Tuesday, December 14, 2010

Defective Supremacy

I have on my table a letter from somebody from the government, telling me that the minister of a particular department have viewed a tender document (for a project in my place of work) and therefore, we are to give this tenderer the "best consideration" (in bold).

The irony of it was, when the letter was passed to me by my secretary, I was reading an article by Karim Raslan in today's The Star entitled "Difficult to take crutches away". Karim was making comparisons between the welfare state in England and the Malay privileges in our beloved country. Yes, there exists a welfare state in England, where the students and the unemployed get subsidies. The only difference between them and us is that, the subsidies are for all races, while we confine it to Bumiputras.

Karim, in his closing, urges us to change... or die.

This letter epitomises the inability for the Malays to compete. The company sadly needed the support from the government to ensure that it is successful in its bid, regardless of its (lack of) competencies. And, even sadder, someone in the government saw it appropriate to dispatch such a letter, which I, in my personal opinion, is a threat of some sort, not unlike a message sent by a mafioso asking for a "favor".

Although, the people that my company serve are government servants, we are an entity separate from the government. In fact, the project we are initiating has nothing to do with the government, as we are merely upgrading our work processes to better serve our customers. So, what was the motive of the tenderer behind their act of sending a copy of the tender document to the minister? That very act in itself is a violation of confidentiality, which means automatic disqualification.

Worst, this letter is dated after the board have made the decision to shortlist the number of tenderers to the top three based on their competencies and price, i.e. based on merit. This particular tenderer was eliminated since they did not meet these two basic criteria.

This is what becomes of the Malays. After over a half century of independence, we are still leaning heavily on our mental crutches.

Sunday, December 5, 2010

A weekend to forget and remember

If anybody out there ever try to book a room in a hotel in Ayer Keroh, Melaka, and the guy say that they have no vacancies but there is a vacancy in Lake Garden Resort, do not accept. We were at the lake Garden Resort and it was really a good place to stay if you like staying in a horror movie set. The corridors that led to our room were paved with stained carpets that I could have sworn that the stain patterns change each time I look at them. The room we got had a nice view of a wall with peeling paint. It looked so depressing that we closed the sliding doors and then realised that there are no other openings to the outside world that we have no idea what time of day it is if we did not have a watch.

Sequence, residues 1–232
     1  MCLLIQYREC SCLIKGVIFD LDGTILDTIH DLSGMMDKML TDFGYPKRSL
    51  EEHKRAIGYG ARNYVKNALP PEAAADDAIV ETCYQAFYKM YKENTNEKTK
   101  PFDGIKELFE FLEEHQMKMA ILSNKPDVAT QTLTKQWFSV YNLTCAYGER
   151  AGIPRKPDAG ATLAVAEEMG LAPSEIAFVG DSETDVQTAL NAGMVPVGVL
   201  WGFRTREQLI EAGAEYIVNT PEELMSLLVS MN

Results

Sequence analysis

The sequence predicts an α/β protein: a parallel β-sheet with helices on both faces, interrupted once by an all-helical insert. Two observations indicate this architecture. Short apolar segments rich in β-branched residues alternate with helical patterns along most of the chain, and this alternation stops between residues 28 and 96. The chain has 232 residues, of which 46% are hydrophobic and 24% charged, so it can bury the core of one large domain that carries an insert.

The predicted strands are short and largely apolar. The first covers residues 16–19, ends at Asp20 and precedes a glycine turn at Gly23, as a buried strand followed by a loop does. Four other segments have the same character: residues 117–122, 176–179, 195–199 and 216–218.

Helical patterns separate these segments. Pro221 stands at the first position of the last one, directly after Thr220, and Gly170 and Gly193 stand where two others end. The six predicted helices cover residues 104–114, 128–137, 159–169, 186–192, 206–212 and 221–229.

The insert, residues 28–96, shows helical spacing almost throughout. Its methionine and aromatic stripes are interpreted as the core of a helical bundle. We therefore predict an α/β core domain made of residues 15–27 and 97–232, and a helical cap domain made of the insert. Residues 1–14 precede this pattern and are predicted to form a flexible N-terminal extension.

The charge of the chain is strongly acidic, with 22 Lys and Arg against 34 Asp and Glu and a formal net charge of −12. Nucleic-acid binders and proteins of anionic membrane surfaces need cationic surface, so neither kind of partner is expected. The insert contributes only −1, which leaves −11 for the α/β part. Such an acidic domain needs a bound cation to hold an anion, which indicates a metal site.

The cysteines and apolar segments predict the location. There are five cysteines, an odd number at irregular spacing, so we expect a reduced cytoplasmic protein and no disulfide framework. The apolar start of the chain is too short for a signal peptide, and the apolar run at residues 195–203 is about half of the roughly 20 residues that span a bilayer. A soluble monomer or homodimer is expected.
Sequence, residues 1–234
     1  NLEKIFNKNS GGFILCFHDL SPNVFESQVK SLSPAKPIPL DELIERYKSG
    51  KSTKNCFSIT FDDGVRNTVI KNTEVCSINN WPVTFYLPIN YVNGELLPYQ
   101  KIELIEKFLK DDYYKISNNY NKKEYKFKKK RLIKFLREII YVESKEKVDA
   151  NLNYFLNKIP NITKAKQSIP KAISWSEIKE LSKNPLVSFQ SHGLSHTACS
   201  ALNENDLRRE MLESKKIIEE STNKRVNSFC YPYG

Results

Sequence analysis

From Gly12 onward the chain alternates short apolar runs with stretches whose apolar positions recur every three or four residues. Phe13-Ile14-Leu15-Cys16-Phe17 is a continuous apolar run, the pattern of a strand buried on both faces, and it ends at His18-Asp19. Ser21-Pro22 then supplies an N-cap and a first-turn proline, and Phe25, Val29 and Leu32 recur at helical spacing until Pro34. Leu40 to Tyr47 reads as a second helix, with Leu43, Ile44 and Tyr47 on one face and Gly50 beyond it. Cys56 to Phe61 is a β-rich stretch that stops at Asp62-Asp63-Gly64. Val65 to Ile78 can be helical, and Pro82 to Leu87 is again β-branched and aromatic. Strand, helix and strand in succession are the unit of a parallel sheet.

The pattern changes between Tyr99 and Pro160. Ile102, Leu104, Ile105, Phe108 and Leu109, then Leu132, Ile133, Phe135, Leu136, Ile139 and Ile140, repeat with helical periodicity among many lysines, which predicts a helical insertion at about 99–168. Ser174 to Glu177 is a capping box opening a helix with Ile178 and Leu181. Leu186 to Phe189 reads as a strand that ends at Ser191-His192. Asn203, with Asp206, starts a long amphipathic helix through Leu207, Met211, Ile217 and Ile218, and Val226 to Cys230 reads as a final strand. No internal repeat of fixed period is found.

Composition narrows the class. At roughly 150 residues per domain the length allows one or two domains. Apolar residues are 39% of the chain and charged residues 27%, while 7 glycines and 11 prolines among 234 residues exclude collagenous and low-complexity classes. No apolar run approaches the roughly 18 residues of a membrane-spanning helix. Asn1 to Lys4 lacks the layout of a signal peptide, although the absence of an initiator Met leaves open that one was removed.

The bathroom was gloomy and the sink was leaky. I do not know when the last time anybody used the bathtub. I dread the thought that we will have to step into the heavily stained bathtub to shower. The floor of the bathroom is of the same level as the rest of the room and the water leaking from the sink soon start to snake its way out of the bathroom.... wasn't that in Ju On or The Ring?

The last straw was when my wife took the "fresh" towel neatly folded on the bed, and found that it is full of brownish spots all over it.

We repacked our bags and left, and lost RM100 deposit. They offered to give us another room.... but, we already scared out of our wits... We cannot imagine staying in the room at night....

We found another accommodation just a few hundred meters from the Lake Garden Resort, called D'Village Resort. It wasn't great, but after our horrific experience... it was heaven.

The next day, we went to Serkam for an engagement ceremony. The boys and I got bored and we left for Muar. I thought of going to Kak Besah's house to maybe take a nap, but she wasn't home. So, we end up spending time touring Muar. After, lunch at Pizza Hut, I took the boys to the Mosque. The majestic Masjid Jamek Sultan Ibrahim, Muar, brought back many sweet memories. I remember the times when I will always drop by to pray almost everyday on my way home from school. The times when I "lepak" with my friends by the river behind the mosque, and once even caught shrimps there. I drove around a bit more, looking at the changes that Muar have gone through. Trying to find familiar places, and maybe bump into familiar faces. Unfortunately, the familiar places looked run down and some have even totally disappeared. And, I found no familiar faces any where.

I went through Jalan Ibrahim, to have a look at my first love's house, but where the house once stood, there was nothing there but the cement stairs that I once climbed up to visit her on Hari Raya some three decades ago. I wonder where she is now...

After that, I drove back to Serkam.... back to the present....

It was a lovely weekend after all....